The Tropospheric Ozone Production about the Spring Equinox
The experiment took place from Feb-May, 2000
It consisted of a series of 7 round trip missions from Colorado to northern latitudes, using the NCAR C-130 flying laboratory. The TOPSE experiment covered a latitude range from 40 N to near the North Pole, and from 100 ft to 25,000 ft. in altitude. The experimental design used in-situ and remote sensing observations to evaluate the rapid onset and early stages of active photochemistry in the Northern Hemisphere. These observations provided a unique characterization of the temporal and spatial distribution of ozone and ozone precursors over continental North America, and, more importantly, a better understanding of the primary photochemical and dynamic processes that control the budgets of radicals and reservoirs in the free troposphere. Measurements of ozone chemistry in the Arctic boundary layer provided important new data to document ozone loss processes near the surface. Furthermore, through appropriate comparisons of measurements and model predictions, the TOPSE experiment is providing important tests and constraints of photochemical models that will advance the development of global and regional simulations of tropospheric ozone.
Background to the experiment
One of the major research emphases in atmospheric chemistry continues tothe study of the photochemical and dynamic processes that determine the rates of formation and loss of oxidants throughout the atmosphere. Oxidation processes shape the chemical composition of the atmosphere through transformations that act on the large variety of trace gases emitted from natural and anthropogenic sources. Since these processes affect the distribution and trends of radiatively important trace gases in the atmosphere, there is a potential feedback between chemistry and climate that has implications for future global change.
Tropospheric ozone plays a central role in the oxidative chemistry of the troposphere, has an important impact on the radiative balance of the atmosphere, and is known to have detrimental effects on human health and agricultural crop production. For these reasons, understanding the processes that control the origin, trends, distribution, and effects of tropospheric ozone have been high priority themes to atmospheric chemistry research over the last few decades.
The processes that control the concentrations and distribution of tropospheric ozone are a complex interplay of chemistry and dynamics. The sources, transformations, and interactions of radical and reservoir species in the HOx, NOx, and organic carbon families, as well as ozone itself, play a role in determining local rates of ozone production and loss. In addition to strictly chemical and photochemical processes, ozone distributions are affected at least as significantly by atmospheric dynamics. Ozone distributions are affected by direct advective transport of ozone and reactive precursors through the troposphere, by stratosphere/troposphere exchange, and through convective processes which rapidly transport ozone and precursors to different environments of radiation, temperature, humidity, aerosol loading, etc.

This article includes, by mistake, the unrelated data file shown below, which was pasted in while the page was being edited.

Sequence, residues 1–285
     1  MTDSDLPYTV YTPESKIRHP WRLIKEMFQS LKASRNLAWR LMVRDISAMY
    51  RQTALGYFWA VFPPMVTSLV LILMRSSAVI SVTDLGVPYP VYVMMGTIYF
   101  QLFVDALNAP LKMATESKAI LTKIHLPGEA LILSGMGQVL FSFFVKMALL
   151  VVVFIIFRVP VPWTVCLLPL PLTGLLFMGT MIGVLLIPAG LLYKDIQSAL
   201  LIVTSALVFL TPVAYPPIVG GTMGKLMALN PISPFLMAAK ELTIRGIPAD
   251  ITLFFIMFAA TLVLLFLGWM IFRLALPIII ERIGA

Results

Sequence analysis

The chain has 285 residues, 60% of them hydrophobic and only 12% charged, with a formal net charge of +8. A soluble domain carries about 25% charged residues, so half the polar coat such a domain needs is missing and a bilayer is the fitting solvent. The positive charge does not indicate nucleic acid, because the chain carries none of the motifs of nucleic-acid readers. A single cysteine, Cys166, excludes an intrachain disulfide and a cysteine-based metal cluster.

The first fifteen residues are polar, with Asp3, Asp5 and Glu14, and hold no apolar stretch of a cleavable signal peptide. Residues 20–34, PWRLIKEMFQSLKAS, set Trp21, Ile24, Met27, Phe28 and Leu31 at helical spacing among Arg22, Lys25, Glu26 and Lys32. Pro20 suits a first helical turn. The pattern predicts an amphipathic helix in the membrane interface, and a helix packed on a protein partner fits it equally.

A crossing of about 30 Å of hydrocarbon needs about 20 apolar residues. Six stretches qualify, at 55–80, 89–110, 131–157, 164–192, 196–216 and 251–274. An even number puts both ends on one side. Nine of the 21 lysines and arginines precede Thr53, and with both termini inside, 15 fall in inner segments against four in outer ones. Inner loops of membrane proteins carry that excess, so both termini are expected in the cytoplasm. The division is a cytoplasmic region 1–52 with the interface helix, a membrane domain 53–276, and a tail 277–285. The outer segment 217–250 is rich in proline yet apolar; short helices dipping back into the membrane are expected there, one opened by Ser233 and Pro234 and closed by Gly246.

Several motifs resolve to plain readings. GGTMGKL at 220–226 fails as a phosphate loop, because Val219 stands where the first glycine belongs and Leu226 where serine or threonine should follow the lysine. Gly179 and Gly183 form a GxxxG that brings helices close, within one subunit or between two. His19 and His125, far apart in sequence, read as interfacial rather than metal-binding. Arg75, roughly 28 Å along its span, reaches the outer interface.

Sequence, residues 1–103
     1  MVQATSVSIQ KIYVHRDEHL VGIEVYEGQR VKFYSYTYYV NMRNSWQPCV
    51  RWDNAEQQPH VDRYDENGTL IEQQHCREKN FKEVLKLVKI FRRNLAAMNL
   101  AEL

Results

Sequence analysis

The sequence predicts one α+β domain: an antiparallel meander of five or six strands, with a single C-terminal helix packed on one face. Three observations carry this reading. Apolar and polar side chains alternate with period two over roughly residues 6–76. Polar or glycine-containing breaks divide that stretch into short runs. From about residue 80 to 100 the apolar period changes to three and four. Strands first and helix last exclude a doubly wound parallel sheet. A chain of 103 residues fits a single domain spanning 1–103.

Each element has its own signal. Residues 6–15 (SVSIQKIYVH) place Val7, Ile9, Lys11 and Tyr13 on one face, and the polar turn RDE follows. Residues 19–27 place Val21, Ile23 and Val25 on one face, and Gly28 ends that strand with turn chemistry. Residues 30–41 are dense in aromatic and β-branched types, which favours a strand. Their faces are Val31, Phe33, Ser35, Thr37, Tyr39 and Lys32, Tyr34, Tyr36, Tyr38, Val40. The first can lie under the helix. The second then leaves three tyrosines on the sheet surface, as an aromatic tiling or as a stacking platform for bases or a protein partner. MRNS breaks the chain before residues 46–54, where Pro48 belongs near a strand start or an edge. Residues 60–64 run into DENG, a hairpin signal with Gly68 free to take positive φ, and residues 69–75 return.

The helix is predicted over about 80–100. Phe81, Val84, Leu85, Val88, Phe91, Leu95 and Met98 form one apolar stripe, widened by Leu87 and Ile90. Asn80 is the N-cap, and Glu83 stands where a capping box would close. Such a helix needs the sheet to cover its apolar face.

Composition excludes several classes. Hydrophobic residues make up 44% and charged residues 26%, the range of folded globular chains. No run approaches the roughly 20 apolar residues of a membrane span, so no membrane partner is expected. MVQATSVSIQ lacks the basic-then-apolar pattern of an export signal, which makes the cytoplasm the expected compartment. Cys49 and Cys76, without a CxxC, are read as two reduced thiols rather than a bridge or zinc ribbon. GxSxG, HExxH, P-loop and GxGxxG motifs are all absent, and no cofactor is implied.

A feature of tropospheric ozone that is thought to have significant contributions from both chemical and dynamic origins is the widely observed springtime maximum of ozone in the Northern Hemisphere mid latitudes. The origin of this maximum has been attributed to increased input of ozone from the stratosphere to the troposphere, but it has also been suggested that tropospheric photochemical processes may also play a significant role in producing the maximum.
The TOPSE investigation combined model studies and simulations with a set of chemical and photochemical measurements taken over the critical winter-spring transition in the northern mid-to-high latitude troposphere. The overall goal of the experiment was to investigate the chemical and dynamic evolution of tropospheric chemical composition over mid- to high-latitude continental North America during the winter/spring transition; a particular emphasis was placed on the springtime ozone maximum in the troposphere. As the experiment progressed additional effort was used to investigate dramatic ozone depletion events found over large regions of the Arctic surface layer.